Great. We now know that six different types of tea are made from one tea plant. Then what are the magical recipes to make different kinds of tea? In tea production, oxidation is the fundamental, key process that decides what types of tea plucked tea leaves will become. At the two opposite ends of the oxidation spectrum, we find green tea and black tea, green tea being 0% oxidised and black tea being 100% oxidised. Oolong tea is an in-between category whose oxidation level varies between 10 - 80%. Depending on the oxidation level, the aromas and flavours of oolong tea can vary from delicate floral, milky notes to tropical fruits and woody flavours. The most celebrated oolong teas are produced in Taiwan and China, although oolong tea production has now spread to Vietnam, Thailand, India and even further to some African countries such as Malawi and Tanzania, bifurcating into old vs. new world oolong teas.
White tea is the least processed tea of all teas - once tea leaves are plucked, they are withered in the sun and dried. On the other hand, yellow tea undergoes a unique process called “Men Hwang”, which allows a slight oxidation on the tea leaves and illustrates a flavour profile similar to green tea, but with more pronounced fruity and floral notes. Lastly, dark tea is a post-fermented tea, from which it develops unique earthy and gamy notes. The most commonly known dark tea is puerh tea, which originates from Yunnan Province, China. As puerh tea develops more complex flavours while ageing, well-aged puerh teas are highly sought-after by tea connoisseurs.
Unlike the common misconception that matcha is another tea category, matcha is actually a type of green tea, but made into fine powder. Authentic Japanese matcha is made from tea leaves which are shade-grown for 3-4 weeks. Making matcha requires intensive labour - in order to make 40g of Matcha powder, the base tea leaf material called ‘Tencha’ needs to be ground for an hour.
Either you’re a regular tea drinker or not, you may have experienced that your green tea tasted so unpleasantly bitter. Green tea is known to be sensitive to water temperature. It’s because green tea contains a high amount of polyphenols, which dissolve at 80°C and result in bitterness and astringency in tea. On the other hand, a variety of amino acids and natural sugars in green tea are dissolved at 60°C, which explains why green tea brewed at lower temperature yields a sweet, gentle cup without bitterness.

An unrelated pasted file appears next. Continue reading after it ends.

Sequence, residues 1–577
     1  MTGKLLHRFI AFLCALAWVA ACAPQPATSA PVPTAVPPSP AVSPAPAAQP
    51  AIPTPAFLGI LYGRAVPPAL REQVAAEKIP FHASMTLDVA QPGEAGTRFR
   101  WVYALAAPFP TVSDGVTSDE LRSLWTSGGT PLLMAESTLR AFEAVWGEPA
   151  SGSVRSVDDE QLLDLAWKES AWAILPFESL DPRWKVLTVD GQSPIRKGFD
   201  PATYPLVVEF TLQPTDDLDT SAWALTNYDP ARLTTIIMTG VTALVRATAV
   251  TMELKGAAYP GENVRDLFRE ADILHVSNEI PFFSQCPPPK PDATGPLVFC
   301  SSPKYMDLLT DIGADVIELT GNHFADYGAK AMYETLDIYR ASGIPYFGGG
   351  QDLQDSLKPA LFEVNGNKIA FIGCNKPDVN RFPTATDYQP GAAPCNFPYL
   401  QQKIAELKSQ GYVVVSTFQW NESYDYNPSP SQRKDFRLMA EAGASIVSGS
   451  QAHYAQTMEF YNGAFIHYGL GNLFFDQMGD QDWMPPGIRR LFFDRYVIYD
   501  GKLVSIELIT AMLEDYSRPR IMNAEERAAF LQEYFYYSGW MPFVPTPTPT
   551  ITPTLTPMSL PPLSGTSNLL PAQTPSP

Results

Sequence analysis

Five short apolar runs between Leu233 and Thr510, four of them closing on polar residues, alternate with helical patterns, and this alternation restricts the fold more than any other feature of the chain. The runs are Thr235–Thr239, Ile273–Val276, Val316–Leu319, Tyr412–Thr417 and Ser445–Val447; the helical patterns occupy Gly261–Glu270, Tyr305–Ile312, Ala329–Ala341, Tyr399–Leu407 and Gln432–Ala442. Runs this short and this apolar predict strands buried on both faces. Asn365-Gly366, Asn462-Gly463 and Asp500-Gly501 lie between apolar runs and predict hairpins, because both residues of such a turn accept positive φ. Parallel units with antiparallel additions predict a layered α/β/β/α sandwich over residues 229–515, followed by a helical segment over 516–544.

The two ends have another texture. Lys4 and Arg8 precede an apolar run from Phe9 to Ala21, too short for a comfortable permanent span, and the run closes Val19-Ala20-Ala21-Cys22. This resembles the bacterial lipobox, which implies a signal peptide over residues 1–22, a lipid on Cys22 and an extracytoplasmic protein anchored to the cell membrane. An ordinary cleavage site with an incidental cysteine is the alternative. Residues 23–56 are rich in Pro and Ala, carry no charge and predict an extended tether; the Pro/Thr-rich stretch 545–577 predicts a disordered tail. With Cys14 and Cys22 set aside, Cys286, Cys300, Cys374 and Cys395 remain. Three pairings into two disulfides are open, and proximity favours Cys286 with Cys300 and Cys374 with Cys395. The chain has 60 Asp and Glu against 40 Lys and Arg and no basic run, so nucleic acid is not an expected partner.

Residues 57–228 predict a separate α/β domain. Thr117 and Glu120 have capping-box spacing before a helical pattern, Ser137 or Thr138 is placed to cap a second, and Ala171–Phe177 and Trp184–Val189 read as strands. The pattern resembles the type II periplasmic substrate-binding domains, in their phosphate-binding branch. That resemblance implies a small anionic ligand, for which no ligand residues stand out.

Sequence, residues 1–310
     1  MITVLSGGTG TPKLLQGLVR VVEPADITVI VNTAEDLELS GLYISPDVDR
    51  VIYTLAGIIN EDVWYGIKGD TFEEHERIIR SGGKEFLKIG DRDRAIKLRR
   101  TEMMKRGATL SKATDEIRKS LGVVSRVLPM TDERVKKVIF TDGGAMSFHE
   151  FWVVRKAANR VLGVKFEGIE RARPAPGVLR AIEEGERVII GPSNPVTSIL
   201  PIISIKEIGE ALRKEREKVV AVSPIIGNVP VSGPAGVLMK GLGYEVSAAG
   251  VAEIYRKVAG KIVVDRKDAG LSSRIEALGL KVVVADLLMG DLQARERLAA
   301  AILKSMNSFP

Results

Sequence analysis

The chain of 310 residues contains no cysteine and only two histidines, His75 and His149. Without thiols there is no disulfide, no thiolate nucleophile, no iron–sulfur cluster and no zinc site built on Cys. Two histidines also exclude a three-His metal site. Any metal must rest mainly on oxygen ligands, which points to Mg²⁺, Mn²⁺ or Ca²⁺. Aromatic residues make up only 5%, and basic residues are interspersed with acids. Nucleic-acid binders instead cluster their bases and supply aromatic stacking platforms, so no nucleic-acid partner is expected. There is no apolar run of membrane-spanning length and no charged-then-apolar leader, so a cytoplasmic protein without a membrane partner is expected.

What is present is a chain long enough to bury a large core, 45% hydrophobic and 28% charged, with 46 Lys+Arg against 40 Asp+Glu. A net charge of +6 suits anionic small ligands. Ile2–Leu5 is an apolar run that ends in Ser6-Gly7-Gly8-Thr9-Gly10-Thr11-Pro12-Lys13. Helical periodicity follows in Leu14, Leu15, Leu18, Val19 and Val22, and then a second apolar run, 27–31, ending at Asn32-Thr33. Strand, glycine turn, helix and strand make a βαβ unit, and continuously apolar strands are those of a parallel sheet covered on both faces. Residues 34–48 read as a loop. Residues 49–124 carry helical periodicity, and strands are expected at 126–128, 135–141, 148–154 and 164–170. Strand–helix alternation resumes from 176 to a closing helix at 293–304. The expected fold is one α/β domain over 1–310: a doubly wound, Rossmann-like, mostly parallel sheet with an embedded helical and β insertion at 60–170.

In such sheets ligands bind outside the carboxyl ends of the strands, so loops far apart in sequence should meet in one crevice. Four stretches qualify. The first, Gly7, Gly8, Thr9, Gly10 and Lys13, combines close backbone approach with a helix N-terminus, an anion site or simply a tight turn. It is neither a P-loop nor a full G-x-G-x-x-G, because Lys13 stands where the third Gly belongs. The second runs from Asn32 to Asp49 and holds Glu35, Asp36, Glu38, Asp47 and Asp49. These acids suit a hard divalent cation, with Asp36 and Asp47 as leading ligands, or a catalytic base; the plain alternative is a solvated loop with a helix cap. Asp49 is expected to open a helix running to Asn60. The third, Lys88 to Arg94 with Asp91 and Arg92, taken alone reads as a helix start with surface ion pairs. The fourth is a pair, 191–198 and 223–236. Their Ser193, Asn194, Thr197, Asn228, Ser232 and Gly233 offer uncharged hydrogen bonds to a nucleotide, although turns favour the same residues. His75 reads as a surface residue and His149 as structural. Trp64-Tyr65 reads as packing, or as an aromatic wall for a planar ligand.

As different kinds of tea requires different temperature settings and steeping time, I laid out below a general brewing guideline for different tea types. As a general rule, you could place 3g of tea leaves (1-2 tablespoon of tea leaves) for 200ml water and follow the steeping time below. As taste is essentially subjective, you can adjust the amount of tea leaves and steeping time depending on the strength of tea you desire.
|Tea Type||Temperature Setting||Steeping Time|
|White Tea||80°C||3-5 mins|
|Green Tea||Chinese, Korean & Taiwanese Green Tea||75-80 °C||1 1/2 - 2 mins|
|Japanese Sencha Green Tea||65-70 °C||1 1/2 - 2 mins|
|Japanese Gyokuro Green Tea||55-60 °C||2-3 mins|
|Yellow Tea||80 °C||1-2 mins|
|Oolong Tea||Lightly Oxidised||85-90 °C||3-5 mins|
|Highly Oxidised||90-95 °C||3-5 mins|
|Black Tea||95 °C||3-5 mins|
|Dark Tea||95 °C||3-5 mins|
Having mentioned the importance of water quality and water temperature for brewing different types of tea, having a water filter and a temperature controlled kettle with different temperature settings could significantly ease your daily tea ritual. Another useful brewing tool to enjoy loose leaf tea is a glass teapot with an infuser, as glass teapots allow you to observe the colour of the tea, which is a good indicator of the tea strength while brewing.
|Type of Tea||Name of Tea|
|White Tea||Op. 601 ‘White Peony’|
|Green Tea||Op. 207 ‘Jasmine Phoenix Pearls’|
|Op. 212 ‘Tai Ping Hou Kui’|
|Op. 214 ‘Wild Arbor Joongjak’|
|Oolong Tea||Op. 103 ‘Alishan Qing Xin Jade’|
|Op. 107 ‘Classical Oriental Beauty’|
|Op. 116 ‘Jasmine Oolong’|
|Op. 127 ‘Sun Moon Lake Formosa Jade’|
|Black Tea||Op. 401 ‘Balhyocha’|
|Op. 415 ‘Yunnan Golden Buds’|
|Dark Tea||Op. 501 ‘10 Years Aged Cooked Puerh’|